The EU is pressing ahead with its plans reform copyright laws, to make it fairer to consumers and remove many of the restrictions that exist within EU countries. The European Commission VP in charge of this new copyright strategy, dubbed the Digital Single Market, says that current copyright laws allows rights-holders to place restrictions on legal content, restrictions that Andrus Ansip says are driving people to piracy.

Instead of tougher laws that punish downloaders, something that Ansip says is untenable (68% of film viewers in the EU download pirated movies – “to put 68% of people in jail is not really a good idea,” says Ansip), he wants legislation that encourages the spread of legal content, even if it means banning things like geo-blocking within EU countries.

It’s something rights-holders won’t like. While all EU countries use the same currency, the wealth disparity between EU countries means that citizens in one country may be able to afford to pay more for the same content, than citizens in another country. It’s this wealth disparity that Big Content likes to exploit, by making sure they squeeze as much as possible out of each paying customer. In the worst case, an entire platform, like Spotify, could end not not being available in some countries due to these kind of artificial barriers.

So while the EU is clearly moving into the direction that brings better access to content, Big Content is heading in the other direction, still pushing ahead with content blocking to solve the piracy problem. The latest strategy involves getting domain registrars involved in the process, but Big Content is finding that it’s meeting some resistance from ICANN, the non-profit responsible for managing domain names. The ICANN says it refuses to be copyright cops, to police content, simply because it’s responsibilities simply does not extend to content. Pointing domain names to servers is basically what the domain naming system is all about – it should not matter to ICANN at least what the domain name is, and what server it is pointing to. Just because it’s easier to force registrars to do something about piracy (as opposed to going after the owners of the website), doesn’t make it right.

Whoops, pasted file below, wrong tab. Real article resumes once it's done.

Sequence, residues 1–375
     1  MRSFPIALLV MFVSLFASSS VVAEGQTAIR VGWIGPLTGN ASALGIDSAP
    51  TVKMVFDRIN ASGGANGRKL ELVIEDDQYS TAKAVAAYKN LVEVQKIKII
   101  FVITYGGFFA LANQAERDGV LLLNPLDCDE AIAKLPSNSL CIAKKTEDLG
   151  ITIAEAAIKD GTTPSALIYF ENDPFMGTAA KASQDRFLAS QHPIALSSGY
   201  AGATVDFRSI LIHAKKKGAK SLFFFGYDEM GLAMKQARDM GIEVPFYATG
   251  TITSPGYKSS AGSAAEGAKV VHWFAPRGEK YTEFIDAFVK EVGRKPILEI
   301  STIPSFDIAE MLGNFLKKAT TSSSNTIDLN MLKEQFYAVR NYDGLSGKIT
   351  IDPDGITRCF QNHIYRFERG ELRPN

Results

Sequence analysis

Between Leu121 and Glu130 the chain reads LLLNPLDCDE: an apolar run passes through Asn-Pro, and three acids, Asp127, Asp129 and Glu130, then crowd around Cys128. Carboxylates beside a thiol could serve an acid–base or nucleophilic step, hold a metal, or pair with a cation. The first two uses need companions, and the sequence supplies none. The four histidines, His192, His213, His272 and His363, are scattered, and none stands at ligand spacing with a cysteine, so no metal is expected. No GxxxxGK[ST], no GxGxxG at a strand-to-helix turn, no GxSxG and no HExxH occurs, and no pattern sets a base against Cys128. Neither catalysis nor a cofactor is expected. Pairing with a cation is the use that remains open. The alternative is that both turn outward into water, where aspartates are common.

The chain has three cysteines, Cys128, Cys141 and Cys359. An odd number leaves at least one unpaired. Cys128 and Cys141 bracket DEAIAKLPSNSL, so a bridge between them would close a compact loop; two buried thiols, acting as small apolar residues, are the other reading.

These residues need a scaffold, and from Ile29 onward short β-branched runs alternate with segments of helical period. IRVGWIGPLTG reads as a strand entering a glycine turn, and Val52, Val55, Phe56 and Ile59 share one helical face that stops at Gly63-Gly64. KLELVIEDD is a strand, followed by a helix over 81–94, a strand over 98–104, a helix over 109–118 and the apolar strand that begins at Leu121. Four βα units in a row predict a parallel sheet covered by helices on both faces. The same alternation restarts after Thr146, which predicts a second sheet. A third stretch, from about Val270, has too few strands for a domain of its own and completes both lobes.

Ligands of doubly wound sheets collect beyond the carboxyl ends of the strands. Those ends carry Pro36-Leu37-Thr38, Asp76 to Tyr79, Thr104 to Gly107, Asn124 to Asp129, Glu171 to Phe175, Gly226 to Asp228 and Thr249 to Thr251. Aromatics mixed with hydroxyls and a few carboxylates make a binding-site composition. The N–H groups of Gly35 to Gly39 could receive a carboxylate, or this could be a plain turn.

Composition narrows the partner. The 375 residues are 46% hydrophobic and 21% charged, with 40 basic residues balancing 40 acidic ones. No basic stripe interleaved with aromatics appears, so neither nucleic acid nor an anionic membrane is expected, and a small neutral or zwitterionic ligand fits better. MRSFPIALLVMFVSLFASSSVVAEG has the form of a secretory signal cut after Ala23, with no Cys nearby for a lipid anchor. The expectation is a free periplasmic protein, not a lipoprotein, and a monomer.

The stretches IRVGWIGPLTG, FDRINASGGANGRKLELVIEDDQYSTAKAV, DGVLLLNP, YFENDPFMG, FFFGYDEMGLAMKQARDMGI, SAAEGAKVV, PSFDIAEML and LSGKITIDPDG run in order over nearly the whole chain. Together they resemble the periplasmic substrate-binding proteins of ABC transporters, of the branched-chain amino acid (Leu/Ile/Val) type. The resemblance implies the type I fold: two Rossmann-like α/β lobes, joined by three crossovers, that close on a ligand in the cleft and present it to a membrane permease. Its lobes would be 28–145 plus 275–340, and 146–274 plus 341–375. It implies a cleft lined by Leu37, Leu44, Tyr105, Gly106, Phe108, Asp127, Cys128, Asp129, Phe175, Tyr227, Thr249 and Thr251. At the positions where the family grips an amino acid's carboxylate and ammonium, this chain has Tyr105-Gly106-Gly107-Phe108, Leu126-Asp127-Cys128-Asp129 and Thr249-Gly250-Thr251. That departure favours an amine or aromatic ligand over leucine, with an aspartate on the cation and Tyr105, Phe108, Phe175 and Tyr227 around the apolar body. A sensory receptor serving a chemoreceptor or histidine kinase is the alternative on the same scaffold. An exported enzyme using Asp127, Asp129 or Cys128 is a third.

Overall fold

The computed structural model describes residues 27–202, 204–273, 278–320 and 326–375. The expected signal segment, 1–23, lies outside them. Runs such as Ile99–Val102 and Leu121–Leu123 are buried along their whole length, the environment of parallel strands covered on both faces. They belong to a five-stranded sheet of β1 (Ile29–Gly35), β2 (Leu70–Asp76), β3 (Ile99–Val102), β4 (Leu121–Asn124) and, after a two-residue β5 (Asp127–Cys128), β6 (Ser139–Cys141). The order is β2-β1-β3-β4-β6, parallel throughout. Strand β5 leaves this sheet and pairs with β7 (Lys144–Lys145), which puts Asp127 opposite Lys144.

Gaming

Steam logo

Are users abusing Steam’s new refund system?